Hwange women remain camped at company's offices

HWANGE - Spouses of Hwange Colliery Company Limited (HCCL) workers are still camped at the entrance of the firm’s management office where they have since pitched a tent.

The spouses have been camped at the company’s premises since January 29 demanding their husbands’ outstanding salaries.

Government has since sent a number of officials to try and negotiate with the demonstrating spouses without any success.

The issue came to Parliament on Wednesday with Hwange Central legislator Brian Tshuma telling the august house that the spouses had since rejected government’s offer and will stay put at the company’s premises.

“The true position is that there are ministers who have gone to Hwange and what they have said has been rejected by those women and the demonstration is continuing.

“They have pitched up a tent and it is still there right now. If you want I can ask someone to send a picture or even video through Whatsapp. We can have it here.”

Mines minister Winston Chitando said if the demonstrations are still on-going it is against the spirit in which the discussions and conclusions took place between representatives of the women and the minister of Labour.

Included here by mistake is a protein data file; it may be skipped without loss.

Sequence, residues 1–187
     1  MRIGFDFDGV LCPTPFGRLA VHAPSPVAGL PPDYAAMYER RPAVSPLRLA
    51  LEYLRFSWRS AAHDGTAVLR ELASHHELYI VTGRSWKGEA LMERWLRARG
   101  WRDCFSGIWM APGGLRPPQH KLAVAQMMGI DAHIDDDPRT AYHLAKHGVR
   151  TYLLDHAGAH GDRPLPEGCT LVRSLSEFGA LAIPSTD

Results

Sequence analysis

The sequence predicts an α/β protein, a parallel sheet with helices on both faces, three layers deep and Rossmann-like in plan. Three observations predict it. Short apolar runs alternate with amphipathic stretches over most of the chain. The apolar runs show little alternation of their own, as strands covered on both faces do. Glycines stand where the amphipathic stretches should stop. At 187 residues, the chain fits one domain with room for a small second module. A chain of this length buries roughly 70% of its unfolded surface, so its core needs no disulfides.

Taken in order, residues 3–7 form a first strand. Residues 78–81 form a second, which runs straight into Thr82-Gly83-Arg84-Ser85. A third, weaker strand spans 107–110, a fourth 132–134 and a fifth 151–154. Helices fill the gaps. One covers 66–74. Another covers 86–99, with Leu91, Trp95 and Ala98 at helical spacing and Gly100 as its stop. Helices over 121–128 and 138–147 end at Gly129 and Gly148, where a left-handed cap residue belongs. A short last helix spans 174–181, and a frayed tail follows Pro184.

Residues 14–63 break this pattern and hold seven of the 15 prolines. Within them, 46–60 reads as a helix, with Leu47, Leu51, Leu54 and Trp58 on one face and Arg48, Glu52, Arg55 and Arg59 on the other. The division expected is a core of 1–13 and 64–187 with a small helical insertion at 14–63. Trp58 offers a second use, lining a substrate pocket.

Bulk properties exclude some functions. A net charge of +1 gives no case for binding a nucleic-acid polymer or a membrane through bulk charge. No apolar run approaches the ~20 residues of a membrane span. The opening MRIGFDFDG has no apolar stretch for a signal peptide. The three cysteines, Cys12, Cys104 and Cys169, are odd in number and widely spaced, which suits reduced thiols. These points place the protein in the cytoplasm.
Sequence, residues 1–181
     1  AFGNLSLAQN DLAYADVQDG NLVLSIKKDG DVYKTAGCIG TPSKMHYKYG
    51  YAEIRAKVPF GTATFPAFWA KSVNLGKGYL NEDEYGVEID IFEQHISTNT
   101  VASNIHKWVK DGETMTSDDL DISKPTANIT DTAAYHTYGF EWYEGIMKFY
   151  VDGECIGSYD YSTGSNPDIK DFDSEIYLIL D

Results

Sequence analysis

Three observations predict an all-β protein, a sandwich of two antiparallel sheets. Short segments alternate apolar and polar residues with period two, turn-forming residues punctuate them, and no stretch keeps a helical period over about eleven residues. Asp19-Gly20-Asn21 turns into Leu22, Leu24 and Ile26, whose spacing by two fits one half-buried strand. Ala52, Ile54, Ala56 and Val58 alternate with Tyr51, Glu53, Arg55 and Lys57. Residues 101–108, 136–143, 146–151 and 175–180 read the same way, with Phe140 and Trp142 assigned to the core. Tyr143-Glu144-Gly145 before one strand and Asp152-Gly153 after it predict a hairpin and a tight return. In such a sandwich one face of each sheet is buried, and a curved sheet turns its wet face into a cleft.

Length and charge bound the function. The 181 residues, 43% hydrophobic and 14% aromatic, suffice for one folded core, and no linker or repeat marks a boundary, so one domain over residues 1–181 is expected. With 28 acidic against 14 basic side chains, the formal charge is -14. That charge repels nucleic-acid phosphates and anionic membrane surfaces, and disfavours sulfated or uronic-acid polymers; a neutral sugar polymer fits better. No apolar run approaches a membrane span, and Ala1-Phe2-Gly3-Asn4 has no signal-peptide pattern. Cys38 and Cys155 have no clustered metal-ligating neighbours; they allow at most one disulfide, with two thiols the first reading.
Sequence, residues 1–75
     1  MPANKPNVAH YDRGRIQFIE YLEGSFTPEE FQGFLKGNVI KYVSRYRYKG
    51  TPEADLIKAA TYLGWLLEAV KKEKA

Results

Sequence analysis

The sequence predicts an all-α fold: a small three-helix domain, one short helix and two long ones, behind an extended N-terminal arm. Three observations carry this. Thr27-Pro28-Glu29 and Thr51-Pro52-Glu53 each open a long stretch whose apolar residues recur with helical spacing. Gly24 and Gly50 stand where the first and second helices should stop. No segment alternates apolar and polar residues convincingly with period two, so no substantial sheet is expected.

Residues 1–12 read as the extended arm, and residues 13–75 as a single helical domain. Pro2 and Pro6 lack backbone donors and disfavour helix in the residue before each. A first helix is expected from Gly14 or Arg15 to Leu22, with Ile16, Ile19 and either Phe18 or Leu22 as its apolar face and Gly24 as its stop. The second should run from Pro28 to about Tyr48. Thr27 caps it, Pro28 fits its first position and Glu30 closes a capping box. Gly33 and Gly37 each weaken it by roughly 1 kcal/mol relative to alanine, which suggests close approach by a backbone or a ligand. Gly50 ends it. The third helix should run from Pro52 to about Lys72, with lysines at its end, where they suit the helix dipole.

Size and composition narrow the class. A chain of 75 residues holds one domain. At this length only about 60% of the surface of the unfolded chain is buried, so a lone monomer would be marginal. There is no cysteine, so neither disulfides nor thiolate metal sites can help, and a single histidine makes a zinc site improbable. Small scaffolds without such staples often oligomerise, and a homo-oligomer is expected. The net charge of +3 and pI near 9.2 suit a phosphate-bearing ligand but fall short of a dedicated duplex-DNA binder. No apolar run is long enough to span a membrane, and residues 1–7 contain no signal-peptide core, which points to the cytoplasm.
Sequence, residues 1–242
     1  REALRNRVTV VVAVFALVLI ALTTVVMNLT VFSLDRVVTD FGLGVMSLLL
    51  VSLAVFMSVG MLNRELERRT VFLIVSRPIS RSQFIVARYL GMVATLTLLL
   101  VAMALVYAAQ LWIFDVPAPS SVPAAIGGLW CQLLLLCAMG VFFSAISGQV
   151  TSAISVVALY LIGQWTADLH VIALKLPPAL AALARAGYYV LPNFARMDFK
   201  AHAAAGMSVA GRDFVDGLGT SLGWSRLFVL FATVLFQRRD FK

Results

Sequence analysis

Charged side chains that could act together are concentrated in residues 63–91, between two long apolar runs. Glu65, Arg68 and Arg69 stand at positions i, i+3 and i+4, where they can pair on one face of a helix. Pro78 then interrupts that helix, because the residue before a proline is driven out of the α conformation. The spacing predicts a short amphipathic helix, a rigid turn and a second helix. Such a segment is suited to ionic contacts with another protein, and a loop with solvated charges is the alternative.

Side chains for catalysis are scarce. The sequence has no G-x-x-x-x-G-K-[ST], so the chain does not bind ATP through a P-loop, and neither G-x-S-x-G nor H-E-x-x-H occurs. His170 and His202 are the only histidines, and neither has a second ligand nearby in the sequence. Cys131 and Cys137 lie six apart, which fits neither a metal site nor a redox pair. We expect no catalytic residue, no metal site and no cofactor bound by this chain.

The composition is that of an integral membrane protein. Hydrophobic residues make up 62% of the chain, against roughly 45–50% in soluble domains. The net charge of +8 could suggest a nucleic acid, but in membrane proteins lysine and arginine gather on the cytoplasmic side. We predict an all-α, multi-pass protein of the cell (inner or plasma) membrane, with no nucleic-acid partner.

“In terms of those discussions, there were certain undertakings on both parties,” said the minister.

“The first undertaking from the women was that they would stop demonstrating and the undertaking on the part of government was to look into their issues which is being done, and we are going to revert to them.

“Should they have continued demonstrating, then it is certainly an act of bad faith in terms of the agreements made.”

Chairperson of the parliamentary committee on Mines and Energy Temba Mliswa weighed in saying the issue needs the attention of President Emmerson Mnangagwa.

“The Committee on Mines and Energy during its tour did meet these women and they gave us a petition which was very reasonable.

“There was an undertaking that this issue would be brought up with His Excellency and the question here should be and I remember saying that the shoes of the ministers are too small for this.

“It needs His Excellency. The point is that we end up as legislators being told that we lie. I think people must have trust in us when we say we are going to represent them,” said Mliswa.

HCCL, in which government is the biggest shareholder with 37 percent shares, is the nation’s second largest coal producer and supplies coke to national electricity company Zesa.

HCCL mines coal in the northwest of Zimbabwe on some of the southern African country’s richest coal deposits.

The coal miner owes employees almost four years’ salaries.

HCCL creditors’ scheme of arrangement chairperson Andy Lawson has said there is a scheme of arrangement where creditors including workers have agreed to a structured payment plan to stop its equipment being auctioned off for failing to honour obligations and to also allow the colliery company to borrow money from banks for working capital.

HCCL claims it has so far paid workers according to that agreement.

HCCL management is accused of acting arrogantly by refusing to meet the striking spouses and also approaching the courts to try to force the police to disperse them.

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